Germany Holidays: Where mainland Europe’s longest river begins

Starting in the Black Forest, ending the Black Sea, the Danube suffers from a surprising stutter after just 20km of its journey.

It may end up as the longest river in continental Europe, but the Danube starts small at a spring in the heart of the small Black Forest town of Donaueschingen, and doesn’t become navigable until the city of Ulm, a distance of roughly 200km. Accordingly this first stretch of stripling waterway does not figure widely in tour operator brochures, which tend to focus on big river cruises, and yet it is one of the prettiest waterside routes in Germany, ideal for cycling.

Donaueschingen is a handsome little place, and its celebrated Danube (Donau) spring bubbles out of the ground between the town’s palace and its brewery. These days it has been railed in to make a little pool surrounded with balustrades which tourists treat as a wishing well, throwing coins into the water.

After just 20 km it vanishes completely

Shadowed by the cycle route which goes all the way to Budapest, the river sets off full of hope, initially through parkland and water meadows, but then after just 20 km it vanishes completely near the village of Immendingen into an underground system of watercourses, leaving behind a weedy, puddled riverbed which only really flows during seasons of heavy rain and melting snow.

Fortunately this weedy bed is slowly refilled by tributaries, and then for the next 30 kilometres the re-born river wanders mazily through lovely pastoral landscape of fruit orchards and cattle grazing, burrowing through a limestone gorge in the southernmost skirts of the Swabian Alb. A lot of the riverbank land hereabouts is owned by the very prosperous Benedictine abbey at Beuron, with its fabulously decorated baroque church, and abbey produce – particularly meat – on sale in abbey shops.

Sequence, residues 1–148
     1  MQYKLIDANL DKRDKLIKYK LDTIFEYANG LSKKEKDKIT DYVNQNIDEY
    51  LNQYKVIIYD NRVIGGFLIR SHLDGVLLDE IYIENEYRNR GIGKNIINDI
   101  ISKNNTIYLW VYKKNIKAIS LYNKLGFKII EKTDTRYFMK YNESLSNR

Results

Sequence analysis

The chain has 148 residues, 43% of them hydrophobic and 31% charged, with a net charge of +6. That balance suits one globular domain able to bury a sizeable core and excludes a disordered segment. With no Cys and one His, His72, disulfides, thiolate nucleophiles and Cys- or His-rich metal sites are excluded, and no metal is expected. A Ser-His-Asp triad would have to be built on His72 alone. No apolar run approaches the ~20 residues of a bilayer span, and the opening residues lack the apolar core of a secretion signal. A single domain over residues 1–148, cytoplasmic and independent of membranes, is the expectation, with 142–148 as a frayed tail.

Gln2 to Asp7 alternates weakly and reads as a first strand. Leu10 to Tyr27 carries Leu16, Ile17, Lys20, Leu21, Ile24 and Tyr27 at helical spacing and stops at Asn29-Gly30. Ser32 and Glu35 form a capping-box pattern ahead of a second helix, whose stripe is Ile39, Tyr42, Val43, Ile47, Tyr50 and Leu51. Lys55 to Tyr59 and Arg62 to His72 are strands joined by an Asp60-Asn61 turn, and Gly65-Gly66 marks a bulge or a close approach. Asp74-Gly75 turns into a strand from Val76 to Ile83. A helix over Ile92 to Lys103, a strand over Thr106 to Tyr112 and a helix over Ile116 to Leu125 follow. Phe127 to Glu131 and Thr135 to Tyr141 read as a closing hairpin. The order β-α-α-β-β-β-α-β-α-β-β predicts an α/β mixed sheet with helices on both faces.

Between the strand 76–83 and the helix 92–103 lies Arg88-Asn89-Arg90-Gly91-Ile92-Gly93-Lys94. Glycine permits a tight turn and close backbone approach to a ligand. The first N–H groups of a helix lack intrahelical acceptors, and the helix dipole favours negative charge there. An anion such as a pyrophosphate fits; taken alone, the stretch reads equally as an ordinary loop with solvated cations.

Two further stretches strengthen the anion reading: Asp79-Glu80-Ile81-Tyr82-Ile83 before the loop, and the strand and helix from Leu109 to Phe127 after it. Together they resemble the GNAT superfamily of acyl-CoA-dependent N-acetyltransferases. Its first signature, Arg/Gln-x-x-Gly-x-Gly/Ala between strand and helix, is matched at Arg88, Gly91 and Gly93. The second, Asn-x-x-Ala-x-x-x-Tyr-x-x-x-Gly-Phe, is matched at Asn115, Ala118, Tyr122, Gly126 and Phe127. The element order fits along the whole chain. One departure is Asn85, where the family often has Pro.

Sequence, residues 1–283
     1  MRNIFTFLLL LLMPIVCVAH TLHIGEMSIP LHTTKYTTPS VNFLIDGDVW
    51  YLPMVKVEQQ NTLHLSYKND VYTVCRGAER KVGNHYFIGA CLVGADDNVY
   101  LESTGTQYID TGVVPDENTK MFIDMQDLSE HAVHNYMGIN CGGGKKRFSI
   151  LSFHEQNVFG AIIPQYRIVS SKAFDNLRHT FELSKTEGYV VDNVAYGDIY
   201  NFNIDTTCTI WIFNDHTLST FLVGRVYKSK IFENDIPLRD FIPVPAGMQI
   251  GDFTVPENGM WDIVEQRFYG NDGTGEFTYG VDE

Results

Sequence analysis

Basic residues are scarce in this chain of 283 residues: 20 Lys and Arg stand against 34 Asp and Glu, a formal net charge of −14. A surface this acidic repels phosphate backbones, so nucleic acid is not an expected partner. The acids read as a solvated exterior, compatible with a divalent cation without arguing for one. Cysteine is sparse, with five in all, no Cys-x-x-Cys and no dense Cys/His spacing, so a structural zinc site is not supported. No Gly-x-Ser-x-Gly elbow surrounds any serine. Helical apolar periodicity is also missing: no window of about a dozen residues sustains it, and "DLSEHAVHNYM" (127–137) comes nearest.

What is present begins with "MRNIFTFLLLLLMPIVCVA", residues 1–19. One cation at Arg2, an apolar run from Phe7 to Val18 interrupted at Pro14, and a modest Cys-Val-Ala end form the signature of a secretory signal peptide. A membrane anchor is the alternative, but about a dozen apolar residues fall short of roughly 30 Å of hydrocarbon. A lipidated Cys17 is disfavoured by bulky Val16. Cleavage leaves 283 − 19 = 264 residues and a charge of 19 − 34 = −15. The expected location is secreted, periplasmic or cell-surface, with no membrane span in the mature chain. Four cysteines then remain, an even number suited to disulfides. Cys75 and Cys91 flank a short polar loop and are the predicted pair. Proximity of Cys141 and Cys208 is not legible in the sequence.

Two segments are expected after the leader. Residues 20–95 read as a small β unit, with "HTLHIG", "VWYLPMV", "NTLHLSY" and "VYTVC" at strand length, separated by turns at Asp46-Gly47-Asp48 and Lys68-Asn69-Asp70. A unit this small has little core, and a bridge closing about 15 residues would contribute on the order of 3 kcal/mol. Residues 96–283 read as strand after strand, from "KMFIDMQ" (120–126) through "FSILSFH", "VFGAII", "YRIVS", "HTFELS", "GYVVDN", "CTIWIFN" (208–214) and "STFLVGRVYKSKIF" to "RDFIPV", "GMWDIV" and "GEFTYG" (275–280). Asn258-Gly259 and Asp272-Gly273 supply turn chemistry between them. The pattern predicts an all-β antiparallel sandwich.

Beuron is the first of several major abbeys that line the river, and the next town, Sigmaringen, is the setting for its first major castle, a Hohenzollern property stuck dramatically up on a riverside rock, where the Nazi-controlled French Vichy government was incarcerated during the Second World War.

At the next, very pretty, town of Riedlingen, whose main square is lined with ancient, slightly wonky, half-timbered and gabled houses, there’s a choice of routes: sticking to the river for the straight run into Ulm, or diverting up the Ach valley to the resort town of Blaubeuren, where the river Blau emerges dramatically from a giant hole in the ground.

The Blau meets the Danube at Ulm, the first big city on the Danube, whose cathedral has the tallest church spire in Europe at 161 metres. From Ulm downriver there are more castles, monasteries and notable cities, but now that the river is navigable, mainstream tourism kicks in. Upstream of Ulm a river-following cyclist is in his or her own world; below Ulm, he or she will begin to meet up with others, and then from Passau, to blend with the crowds.

Plenty of organisations (see our Tour Operator pages) offer packages along the Danube Cyclepath (Donau Radweg), but route finding is a doddle, and there are plenty of bike-friendly guest houses, so it is just as easy to organise it yourself. A handy guide is The Danube Cycleway, published by Cicerone.

Andrew Eames’s book about travelling the Danube, Blue River Black Sea, is available from Amazon.

Looking for more? See other destinations in Southern Germany

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